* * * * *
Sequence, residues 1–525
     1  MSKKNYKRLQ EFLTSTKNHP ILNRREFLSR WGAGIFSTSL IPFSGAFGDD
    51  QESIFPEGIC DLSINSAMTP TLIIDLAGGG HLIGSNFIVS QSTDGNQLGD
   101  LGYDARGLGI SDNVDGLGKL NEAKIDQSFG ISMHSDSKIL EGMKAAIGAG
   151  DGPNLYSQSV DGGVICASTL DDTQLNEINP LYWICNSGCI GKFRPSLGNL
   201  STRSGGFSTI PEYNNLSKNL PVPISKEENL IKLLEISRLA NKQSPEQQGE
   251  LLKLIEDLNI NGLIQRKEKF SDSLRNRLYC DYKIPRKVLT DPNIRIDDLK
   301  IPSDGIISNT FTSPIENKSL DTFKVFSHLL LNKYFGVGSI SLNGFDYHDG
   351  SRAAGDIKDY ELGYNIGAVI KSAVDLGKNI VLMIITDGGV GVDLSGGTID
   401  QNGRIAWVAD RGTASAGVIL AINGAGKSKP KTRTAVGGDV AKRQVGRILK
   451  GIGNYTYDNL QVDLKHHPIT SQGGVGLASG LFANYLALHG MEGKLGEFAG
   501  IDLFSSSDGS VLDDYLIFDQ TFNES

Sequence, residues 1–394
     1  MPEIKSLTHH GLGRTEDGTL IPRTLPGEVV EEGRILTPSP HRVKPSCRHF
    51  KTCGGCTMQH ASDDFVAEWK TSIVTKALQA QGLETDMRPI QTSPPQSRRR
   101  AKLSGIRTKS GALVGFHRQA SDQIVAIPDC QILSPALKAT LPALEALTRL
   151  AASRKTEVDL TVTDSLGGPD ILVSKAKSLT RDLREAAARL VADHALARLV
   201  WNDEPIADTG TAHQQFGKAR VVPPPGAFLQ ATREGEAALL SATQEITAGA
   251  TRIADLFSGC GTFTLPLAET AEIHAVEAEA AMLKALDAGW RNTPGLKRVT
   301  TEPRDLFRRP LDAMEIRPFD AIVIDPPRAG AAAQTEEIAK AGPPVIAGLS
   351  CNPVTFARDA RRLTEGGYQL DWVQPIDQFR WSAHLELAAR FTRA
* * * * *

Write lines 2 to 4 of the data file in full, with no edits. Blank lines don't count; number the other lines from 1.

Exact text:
     1  MSKKNYKRLQ EFLTSTKNHP ILNRREFLSR WGAGIFSTSL IPFSGAFGDD
    51  QESIFPEGIC DLSINSAMTP TLIIDLAGGG HLIGSNFIVS QSTDGNQLGD
   101  LGYDARGLGI SDNVDGLGKL NEAKIDQSFG ISMHSDSKIL EGMKAAIGAG